With autumn on the horizon, this graphic looks at the chemicals behind the myriad colours of autumn leaves; bigger version & download here: http://wp.me/p4aPLT-sn
Apparently there are places in the world where this is starting to happen? I wouldn’t know since Austin still has the summer dial turned up to like 8.5, and our trees don’t so much “change color” as “exhaustedly whither into a brown winter dormancy as if finally exhaling after the release of soul-crushing weight.”
This color-changing thing sounds nice though, I hope to check it out sometime!
PS - “Autumnal carotenoids” would make a great indie band name.
The only couple needed in Brave.
Has your pet Mogwai exploded into a horde of bloody-thirsty Gremlins yet? If not, join Dr. Anton Jessup as he exposes the shockingly believable biology of these asexual midnight munchers.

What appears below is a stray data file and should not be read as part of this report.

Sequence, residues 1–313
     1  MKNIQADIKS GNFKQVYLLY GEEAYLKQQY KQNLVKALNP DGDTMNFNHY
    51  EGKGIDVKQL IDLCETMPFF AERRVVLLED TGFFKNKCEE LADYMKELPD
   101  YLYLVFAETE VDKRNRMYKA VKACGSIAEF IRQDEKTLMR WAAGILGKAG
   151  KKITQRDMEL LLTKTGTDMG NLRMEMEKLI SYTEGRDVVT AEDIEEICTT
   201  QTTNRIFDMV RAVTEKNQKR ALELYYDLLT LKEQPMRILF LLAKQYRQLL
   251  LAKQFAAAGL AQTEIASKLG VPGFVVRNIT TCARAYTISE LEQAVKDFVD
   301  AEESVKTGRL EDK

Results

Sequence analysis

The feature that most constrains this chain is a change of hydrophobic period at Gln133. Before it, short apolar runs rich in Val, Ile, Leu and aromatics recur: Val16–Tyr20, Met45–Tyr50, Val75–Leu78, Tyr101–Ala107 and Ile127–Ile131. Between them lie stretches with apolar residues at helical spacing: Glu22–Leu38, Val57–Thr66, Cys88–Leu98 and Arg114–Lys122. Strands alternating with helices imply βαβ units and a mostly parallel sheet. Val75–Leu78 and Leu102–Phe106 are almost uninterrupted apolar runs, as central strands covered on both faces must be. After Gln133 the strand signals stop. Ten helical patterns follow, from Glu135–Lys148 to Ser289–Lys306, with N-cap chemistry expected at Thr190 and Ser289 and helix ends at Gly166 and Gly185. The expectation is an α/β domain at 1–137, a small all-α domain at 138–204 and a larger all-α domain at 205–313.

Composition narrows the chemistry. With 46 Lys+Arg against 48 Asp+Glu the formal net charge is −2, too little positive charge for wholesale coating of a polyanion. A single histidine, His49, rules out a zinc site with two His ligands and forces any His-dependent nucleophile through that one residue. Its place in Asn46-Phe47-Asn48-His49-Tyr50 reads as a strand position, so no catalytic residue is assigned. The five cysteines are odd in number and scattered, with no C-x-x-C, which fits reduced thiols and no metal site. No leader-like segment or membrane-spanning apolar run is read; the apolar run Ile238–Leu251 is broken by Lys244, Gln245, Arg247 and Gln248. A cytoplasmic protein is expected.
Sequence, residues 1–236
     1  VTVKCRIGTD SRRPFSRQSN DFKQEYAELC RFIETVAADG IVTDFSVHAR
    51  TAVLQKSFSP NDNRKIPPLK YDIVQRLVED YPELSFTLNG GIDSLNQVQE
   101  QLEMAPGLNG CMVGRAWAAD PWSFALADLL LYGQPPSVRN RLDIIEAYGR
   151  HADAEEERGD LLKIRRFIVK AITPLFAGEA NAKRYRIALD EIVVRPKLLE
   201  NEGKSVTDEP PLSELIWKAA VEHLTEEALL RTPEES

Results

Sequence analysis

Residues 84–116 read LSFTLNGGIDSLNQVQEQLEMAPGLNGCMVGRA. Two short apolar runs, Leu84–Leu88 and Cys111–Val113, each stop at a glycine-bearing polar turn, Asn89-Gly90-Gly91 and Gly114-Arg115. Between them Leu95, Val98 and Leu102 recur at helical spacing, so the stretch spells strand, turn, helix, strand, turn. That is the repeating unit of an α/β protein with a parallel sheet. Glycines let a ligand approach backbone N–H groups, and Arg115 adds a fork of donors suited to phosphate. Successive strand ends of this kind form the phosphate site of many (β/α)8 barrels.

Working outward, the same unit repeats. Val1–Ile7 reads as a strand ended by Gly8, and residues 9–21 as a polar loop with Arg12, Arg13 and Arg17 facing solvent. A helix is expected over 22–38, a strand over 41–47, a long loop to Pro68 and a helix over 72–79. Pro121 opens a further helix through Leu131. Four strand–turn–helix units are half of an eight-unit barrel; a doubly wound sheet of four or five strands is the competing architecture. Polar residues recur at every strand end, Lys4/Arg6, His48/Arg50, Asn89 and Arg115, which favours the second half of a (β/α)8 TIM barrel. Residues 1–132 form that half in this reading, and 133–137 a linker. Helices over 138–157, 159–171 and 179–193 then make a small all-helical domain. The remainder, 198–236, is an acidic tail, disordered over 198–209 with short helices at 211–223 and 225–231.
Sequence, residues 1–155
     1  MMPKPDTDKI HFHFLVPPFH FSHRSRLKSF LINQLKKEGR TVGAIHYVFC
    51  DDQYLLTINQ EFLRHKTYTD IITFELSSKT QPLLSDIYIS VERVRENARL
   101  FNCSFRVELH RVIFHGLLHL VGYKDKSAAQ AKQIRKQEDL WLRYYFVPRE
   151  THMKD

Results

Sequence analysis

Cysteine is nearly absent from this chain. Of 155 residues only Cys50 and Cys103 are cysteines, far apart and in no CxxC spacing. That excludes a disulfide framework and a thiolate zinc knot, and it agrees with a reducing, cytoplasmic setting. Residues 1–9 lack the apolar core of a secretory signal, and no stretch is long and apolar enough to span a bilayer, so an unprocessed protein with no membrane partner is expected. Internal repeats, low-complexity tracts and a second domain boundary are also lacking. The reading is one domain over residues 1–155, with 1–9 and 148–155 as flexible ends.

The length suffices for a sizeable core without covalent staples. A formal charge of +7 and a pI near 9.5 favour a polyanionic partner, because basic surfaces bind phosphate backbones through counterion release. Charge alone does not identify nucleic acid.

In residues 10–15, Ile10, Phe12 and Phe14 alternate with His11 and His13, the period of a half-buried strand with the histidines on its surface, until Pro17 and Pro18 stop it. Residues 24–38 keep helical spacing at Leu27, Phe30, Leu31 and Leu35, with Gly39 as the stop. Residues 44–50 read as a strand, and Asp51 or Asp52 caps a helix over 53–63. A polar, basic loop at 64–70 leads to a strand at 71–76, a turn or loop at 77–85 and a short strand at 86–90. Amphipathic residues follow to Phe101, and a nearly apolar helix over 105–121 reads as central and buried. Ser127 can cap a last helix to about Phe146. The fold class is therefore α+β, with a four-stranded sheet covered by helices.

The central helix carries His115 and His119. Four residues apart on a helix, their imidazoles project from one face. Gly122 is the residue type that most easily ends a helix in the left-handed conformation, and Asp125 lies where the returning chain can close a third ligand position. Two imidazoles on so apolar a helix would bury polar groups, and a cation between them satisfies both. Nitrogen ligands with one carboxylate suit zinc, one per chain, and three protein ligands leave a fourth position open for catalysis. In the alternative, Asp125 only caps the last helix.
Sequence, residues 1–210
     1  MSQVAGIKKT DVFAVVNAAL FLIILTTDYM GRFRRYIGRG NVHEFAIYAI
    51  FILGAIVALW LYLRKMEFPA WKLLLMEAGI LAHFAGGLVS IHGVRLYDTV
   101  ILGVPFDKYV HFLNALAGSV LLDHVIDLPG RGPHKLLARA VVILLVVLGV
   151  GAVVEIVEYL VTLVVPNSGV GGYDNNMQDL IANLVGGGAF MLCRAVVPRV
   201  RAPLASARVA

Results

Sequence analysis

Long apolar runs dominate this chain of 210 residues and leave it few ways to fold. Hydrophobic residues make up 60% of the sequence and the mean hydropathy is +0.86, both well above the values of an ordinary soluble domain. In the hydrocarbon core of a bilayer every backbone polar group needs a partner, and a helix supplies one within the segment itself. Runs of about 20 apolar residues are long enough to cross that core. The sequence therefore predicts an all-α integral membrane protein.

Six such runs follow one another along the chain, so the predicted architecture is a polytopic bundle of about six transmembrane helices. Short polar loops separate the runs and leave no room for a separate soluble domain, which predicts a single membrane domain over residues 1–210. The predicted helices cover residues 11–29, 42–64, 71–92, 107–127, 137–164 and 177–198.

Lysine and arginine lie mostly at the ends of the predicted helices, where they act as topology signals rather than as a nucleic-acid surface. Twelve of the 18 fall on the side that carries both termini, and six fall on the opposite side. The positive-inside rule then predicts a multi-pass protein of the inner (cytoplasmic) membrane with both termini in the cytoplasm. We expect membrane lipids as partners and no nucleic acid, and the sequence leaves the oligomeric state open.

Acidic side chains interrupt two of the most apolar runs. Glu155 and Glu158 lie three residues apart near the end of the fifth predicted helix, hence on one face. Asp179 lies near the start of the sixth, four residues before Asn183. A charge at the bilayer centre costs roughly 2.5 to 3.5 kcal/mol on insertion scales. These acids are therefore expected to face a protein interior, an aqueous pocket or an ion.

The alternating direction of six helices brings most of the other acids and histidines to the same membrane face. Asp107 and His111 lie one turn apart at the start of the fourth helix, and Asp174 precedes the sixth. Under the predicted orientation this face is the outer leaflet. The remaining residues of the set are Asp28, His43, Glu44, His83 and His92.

The blare of human noise causes birds to pipe down and frogs to breed less frequently. Now, scientists have found a humanmade sound that has a far more colorful effect: The boom of a ship’s engine makes common cuttlefish (Sepia officinalis) change the complex swirls of skin hues, stripes, and spots that they use for camouflage and communication. Like other cephalopods such as octopus and squid, cuttlefish rely on visual and tactile signals to communicate; there’s been little evidence so far to suggest they perceive—or respond to—sound. But when researchers placed a loudspeaker near cuttlefish tanks and played the sound of an underwater engine, the animals swam more and changed colors more often. They also raised their first pair of arms, which are used to sense water movements, more frequently, the team reports in this month’s issue of The American Naturalist.